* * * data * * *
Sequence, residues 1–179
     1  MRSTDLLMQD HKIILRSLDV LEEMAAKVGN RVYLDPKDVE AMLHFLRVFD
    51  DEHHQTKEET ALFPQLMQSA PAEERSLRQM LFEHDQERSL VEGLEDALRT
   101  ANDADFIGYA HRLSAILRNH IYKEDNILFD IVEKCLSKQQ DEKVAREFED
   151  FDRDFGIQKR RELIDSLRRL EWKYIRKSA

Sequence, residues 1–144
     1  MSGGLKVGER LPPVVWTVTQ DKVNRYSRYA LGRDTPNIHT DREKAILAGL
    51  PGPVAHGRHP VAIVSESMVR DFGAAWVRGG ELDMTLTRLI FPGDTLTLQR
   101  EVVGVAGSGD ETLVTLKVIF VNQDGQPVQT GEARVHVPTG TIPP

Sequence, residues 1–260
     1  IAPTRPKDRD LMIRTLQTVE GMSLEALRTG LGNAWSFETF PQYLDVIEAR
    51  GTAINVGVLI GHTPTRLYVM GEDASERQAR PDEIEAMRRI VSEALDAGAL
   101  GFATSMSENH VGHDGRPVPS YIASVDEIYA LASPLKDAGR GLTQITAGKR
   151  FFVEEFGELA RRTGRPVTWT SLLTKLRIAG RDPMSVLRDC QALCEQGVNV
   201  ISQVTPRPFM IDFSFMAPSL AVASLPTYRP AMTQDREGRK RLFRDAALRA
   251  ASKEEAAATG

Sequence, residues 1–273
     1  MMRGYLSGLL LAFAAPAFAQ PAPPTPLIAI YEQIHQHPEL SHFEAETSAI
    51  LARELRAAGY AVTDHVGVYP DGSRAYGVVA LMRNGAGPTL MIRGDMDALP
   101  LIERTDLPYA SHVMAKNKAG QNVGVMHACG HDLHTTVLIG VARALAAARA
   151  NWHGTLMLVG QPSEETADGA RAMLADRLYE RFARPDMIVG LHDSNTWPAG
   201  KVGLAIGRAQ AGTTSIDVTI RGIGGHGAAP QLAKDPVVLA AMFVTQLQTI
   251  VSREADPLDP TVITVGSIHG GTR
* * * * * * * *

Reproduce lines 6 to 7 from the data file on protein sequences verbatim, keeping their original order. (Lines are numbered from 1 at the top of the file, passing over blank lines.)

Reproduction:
Sequence, residues 1–144
     1  MSGGLKVGER LPPVVWTVTQ DKVNRYSRYA LGRDTPNIHT DREKAILAGL